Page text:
South Korea confirmed a single case of foot-and-mouth disease (FMD) on Saturday in the country’s southeastern region, as nationwide vaccinations and quarantine efforts have started to help stem new outbreaks.
The additional case in Cheongsong, 285 kilometers southeast of Seoul, brings the total number of confirmed FMD outbreaks to 119, since animals started showing symptoms in late November, the Ministry of Food, Agriculture, Forestry and Fisheries said. There have been other confirmed cases of animal disease outbreak but they are not counted because the animals were culled before test results were completed.
All 30 animals on the small cattle farm have been ordered destroyed along with livestock within a 500-meter radius of the site to prevent further spread of the disease, the ministry said.
FMD is highly contagious and affects all cloven-hoofed animals, such as cattle, pigs, deer, goats and buffalo. It is classified as a "List A" disease by the Paris-based World Organization for Animal Health, although it is harmless to humans.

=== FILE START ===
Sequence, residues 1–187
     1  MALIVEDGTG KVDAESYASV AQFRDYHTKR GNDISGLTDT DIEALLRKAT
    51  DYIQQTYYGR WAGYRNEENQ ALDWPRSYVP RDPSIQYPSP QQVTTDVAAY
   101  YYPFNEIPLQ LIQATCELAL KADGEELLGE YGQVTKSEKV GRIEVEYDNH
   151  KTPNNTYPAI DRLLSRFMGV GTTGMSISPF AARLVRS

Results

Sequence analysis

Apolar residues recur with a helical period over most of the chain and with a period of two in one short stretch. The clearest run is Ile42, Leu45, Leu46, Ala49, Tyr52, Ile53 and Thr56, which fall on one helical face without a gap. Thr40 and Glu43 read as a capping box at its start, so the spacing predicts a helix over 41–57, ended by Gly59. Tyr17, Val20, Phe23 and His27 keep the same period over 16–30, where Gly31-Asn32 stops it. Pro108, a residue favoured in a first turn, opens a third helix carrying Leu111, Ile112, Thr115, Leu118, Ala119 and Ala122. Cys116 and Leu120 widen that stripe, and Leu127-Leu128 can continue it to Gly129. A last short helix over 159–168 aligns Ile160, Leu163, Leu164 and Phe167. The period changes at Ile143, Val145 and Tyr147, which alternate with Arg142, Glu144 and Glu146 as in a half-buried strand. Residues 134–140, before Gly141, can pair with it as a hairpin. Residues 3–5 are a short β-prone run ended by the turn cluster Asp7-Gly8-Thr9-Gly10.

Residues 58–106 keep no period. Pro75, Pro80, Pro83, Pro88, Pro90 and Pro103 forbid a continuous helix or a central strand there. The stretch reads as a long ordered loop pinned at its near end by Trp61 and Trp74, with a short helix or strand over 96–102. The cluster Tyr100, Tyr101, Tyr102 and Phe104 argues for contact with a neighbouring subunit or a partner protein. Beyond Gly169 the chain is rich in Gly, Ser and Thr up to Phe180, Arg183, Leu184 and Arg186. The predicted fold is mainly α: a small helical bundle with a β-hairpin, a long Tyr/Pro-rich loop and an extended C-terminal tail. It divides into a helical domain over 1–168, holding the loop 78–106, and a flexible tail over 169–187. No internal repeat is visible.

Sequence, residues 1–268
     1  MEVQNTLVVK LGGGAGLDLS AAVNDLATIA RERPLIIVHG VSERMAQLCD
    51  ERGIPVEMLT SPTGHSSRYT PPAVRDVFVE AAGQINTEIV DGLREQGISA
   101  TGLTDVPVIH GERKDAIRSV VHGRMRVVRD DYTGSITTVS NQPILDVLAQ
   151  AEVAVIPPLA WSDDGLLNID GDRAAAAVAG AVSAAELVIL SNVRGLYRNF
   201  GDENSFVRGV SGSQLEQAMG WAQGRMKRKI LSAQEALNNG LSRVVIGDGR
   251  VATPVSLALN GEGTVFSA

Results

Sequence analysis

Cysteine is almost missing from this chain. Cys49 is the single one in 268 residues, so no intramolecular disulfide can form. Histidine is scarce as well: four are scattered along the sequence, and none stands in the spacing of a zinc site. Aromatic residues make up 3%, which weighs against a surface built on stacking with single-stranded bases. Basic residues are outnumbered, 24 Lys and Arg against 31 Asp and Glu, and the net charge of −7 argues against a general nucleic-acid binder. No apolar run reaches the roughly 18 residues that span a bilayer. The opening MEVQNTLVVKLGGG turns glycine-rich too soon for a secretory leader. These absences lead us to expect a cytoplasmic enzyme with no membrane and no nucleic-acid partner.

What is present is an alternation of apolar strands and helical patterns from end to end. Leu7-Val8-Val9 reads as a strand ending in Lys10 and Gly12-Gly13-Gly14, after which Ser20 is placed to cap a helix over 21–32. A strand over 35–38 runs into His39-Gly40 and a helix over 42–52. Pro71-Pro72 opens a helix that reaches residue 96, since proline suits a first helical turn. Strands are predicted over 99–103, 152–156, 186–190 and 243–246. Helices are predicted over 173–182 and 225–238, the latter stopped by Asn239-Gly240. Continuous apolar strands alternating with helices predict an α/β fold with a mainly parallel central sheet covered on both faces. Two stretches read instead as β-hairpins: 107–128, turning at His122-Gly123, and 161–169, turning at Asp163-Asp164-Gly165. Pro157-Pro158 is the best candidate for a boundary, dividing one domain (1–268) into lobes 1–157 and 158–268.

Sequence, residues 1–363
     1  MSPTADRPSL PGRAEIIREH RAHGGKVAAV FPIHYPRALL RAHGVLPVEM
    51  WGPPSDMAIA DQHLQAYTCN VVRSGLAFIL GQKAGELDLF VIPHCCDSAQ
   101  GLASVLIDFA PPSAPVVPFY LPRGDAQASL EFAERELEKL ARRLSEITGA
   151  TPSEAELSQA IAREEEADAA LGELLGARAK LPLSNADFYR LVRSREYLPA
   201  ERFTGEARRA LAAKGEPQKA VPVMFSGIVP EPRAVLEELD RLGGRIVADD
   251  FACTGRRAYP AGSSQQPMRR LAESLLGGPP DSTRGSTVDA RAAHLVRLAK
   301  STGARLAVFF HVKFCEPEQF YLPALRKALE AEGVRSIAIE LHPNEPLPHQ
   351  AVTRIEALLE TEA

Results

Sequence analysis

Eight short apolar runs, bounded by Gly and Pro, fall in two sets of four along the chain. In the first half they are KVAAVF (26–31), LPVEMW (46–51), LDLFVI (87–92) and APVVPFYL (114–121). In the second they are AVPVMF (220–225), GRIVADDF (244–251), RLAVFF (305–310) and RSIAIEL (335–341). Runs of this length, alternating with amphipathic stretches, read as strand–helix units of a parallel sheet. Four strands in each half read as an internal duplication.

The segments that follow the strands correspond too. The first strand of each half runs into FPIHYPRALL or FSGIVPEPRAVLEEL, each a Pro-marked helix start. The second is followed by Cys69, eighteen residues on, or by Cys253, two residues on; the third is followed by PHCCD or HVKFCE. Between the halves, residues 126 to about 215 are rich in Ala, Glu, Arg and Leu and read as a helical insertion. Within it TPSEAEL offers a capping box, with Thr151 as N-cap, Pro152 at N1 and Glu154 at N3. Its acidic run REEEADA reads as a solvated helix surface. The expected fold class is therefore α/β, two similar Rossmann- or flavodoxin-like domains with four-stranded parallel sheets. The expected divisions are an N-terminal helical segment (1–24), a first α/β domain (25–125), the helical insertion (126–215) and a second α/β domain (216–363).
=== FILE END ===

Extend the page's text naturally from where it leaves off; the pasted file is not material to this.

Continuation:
The disease, meanwhile, forced Seoul to cull and bury 1.6 million heads of cattle, pigs, goats and deer with damage estimated to run to around 1.5 trillion won (US$1.34 billion).
The country had moved to vaccinate a limited number of animals on Dec. 25 after initial quarantine efforts proved inadequate to control the outbreak that has spread to most parts of the country.
Seoul said earlier in the week that it will vaccinate all livestock across the country, including those on Jeju Island off the country southwestern coast which had not been affected so far.
The country has some 3 million cattle, 10 million pigs and large numbers of other livestock that will need to receive shots.
In addition to the latest outbreaks that were first confirmed on Nov. 29, the country was hit by the disease in 2000, 2002 and two more times early last year.